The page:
Many domain investors will pay more for expired domains than ones owned by other investors.
Over the past few days, there’s been a lot of conversation on Twitter about expired domain auctions.
I believe it started with Josh Reason asking GoDaddy to allow private sellers to include their domains in the GoDaddy expired auction stream. He proposed running them like the other auctions (no reserve) but labeling them as private party on the auction page.
The closest comparison is NameJet, which lets private sellers on its platform. I think a lot of buyers are frustrated with reserve domains on NameJet, but Josh thinks as long as the domains have no reserve people don’t care if it’s an expired auction or private party seller:
I get it, but disagree.
If you have a platform of ONLY no reserve auctions that include expired and owner listed, I’m sure that people wouldn’t favor one over the other.
Buyers are conditioned to prefer expired auctions because they ALL are no reserve…
— Josh Reason | 🌐 | (@JoshuaHReason) June 25, 2019
I disagree and I know that others do, too. There are a couple of reasons that I’d prefer to buy an expiring domain than one that another domainer is trying to sell through the platform.
First, I think there’s less chance the domain has been shopped around in recent years. Less chance it’s on Sedo or Afternic. I’ve sold expired domains within weeks of buying them when someone who was watching the domain but didn’t know how expired domains work reached out. And if you add it to Afternic for the first time, some registrar partners will email customers with similar domains and let them know the domain is available.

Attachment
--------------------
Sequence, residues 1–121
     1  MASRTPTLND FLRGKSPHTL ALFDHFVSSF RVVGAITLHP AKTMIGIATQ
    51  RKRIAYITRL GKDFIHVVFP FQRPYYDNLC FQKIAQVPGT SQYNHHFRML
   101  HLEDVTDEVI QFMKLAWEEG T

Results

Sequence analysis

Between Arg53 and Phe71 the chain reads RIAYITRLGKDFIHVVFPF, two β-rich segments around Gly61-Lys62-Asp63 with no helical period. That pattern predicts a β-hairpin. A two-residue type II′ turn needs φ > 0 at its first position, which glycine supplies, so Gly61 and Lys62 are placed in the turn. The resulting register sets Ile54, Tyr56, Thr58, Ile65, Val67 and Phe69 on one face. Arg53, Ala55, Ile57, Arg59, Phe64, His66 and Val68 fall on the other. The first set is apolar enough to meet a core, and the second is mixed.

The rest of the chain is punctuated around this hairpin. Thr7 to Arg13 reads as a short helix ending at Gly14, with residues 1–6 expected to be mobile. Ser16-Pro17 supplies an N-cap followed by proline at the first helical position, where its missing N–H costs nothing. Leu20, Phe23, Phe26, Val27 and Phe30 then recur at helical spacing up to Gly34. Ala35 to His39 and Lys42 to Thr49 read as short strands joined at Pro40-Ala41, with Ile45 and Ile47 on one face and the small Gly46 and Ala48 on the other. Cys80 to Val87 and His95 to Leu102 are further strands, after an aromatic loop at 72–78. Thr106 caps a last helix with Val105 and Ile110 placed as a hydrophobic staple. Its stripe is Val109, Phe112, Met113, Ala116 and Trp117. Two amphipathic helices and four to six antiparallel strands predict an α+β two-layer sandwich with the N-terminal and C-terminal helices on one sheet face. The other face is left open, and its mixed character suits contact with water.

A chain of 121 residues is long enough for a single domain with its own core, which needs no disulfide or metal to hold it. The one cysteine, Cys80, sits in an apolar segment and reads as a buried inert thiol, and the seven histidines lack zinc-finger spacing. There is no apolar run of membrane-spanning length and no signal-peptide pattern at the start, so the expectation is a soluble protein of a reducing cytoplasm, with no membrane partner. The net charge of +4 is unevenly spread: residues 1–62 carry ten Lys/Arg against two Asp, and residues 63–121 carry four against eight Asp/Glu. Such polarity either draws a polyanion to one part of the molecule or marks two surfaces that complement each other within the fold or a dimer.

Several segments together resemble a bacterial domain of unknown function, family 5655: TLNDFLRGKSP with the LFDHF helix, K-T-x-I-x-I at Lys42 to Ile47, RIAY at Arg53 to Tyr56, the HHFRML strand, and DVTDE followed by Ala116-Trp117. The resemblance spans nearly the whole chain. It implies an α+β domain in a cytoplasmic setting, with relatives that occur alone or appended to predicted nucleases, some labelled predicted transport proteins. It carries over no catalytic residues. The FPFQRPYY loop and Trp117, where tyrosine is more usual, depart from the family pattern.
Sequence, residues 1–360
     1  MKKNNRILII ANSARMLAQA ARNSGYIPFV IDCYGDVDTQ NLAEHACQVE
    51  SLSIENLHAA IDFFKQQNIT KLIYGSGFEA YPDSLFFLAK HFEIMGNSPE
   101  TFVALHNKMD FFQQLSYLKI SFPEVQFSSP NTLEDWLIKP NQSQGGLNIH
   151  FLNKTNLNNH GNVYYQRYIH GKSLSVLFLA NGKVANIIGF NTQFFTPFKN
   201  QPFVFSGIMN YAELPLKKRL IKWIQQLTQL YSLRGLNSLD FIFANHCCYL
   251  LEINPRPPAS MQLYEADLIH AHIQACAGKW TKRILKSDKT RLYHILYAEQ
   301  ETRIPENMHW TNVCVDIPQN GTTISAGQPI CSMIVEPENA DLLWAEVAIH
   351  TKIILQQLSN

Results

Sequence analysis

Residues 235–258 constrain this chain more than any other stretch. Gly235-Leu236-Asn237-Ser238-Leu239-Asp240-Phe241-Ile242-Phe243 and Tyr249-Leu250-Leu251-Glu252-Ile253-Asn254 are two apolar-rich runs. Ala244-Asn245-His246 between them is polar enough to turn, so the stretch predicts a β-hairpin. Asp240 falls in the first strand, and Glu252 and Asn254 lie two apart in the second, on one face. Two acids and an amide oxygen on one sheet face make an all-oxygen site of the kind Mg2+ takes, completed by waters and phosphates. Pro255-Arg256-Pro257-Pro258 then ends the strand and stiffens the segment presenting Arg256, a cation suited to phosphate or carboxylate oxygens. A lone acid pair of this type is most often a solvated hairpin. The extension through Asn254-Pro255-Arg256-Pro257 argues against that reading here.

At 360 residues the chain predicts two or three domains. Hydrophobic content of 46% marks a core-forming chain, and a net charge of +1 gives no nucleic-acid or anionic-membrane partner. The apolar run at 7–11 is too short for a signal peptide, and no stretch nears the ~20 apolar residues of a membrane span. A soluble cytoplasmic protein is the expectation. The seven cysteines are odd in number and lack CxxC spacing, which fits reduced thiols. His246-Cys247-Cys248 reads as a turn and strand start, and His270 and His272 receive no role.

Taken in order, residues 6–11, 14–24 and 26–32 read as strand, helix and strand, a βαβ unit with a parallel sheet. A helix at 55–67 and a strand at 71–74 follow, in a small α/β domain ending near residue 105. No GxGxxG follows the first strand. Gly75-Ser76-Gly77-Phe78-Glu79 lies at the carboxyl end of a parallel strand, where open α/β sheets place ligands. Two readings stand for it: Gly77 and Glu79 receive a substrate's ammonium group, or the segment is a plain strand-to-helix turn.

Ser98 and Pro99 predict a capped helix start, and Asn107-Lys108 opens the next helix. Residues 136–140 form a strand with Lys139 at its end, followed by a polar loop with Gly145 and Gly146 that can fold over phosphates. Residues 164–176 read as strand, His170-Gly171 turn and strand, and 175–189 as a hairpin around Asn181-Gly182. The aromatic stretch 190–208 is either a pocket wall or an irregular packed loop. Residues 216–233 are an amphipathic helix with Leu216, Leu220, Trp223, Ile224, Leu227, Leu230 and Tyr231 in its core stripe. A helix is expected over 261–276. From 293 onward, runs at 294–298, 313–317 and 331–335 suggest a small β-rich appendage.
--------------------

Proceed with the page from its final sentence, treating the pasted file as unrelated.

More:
Second, there’s at least some psychological feeling that if another domain investor is dumping a domain, perhaps it isn’t that good.
The other challenge I see to private party listings is shill bidding. It adds incentives for people to bid up domains. This is a problem NameJet recently had.
The fact that people want to get their domains in the expired auction streams at GoDaddy and NameJet says a lot. These domains tend to sell for good amounts. More than the domains would sell for if they weren’t expiring.
An interesting middle ground would be to have a separate auction stream of no reserve, private-party listings. The lists would be provided to services like ExpiredDomains.net so people could analyze them. Having a separate stream allows investors to apply whatever premium they want to domains that are expired.